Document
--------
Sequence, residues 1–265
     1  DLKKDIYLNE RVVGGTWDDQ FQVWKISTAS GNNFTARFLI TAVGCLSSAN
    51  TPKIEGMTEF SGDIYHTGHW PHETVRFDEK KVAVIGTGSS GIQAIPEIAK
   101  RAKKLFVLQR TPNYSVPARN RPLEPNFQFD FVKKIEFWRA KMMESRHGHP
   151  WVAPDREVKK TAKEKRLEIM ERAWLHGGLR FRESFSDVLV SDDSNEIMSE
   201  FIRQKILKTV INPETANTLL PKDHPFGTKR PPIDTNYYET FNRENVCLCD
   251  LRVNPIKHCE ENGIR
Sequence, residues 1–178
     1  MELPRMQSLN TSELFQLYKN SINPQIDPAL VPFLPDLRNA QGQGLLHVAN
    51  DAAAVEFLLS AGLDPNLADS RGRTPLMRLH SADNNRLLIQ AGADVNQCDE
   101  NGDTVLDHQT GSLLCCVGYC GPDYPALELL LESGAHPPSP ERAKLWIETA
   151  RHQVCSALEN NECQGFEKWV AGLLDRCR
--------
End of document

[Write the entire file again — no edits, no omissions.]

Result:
Sequence, residues 1–265
     1  DLKKDIYLNE RVVGGTWDDQ FQVWKISTAS GNNFTARFLI TAVGCLSSAN
    51  TPKIEGMTEF SGDIYHTGHW PHETVRFDEK KVAVIGTGSS GIQAIPEIAK
   101  RAKKLFVLQR TPNYSVPARN RPLEPNFQFD FVKKIEFWRA KMMESRHGHP
   151  WVAPDREVKK TAKEKRLEIM ERAWLHGGLR FRESFSDVLV SDDSNEIMSE
   201  FIRQKILKTV INPETANTLL PKDHPFGTKR PPIDTNYYET FNRENVCLCD
   251  LRVNPIKHCE ENGIR
Sequence, residues 1–178
     1  MELPRMQSLN TSELFQLYKN SINPQIDPAL VPFLPDLRNA QGQGLLHVAN
    51  DAAAVEFLLS AGLDPNLADS RGRTPLMRLH SADNNRLLIQ AGADVNQCDE
   101  NGDTVLDHQT GSLLCCVGYC GPDYPALELL LESGAHPPSP ERAKLWIETA
   151  RHQVCSALEN NECQGFEKWV AGLLDRCR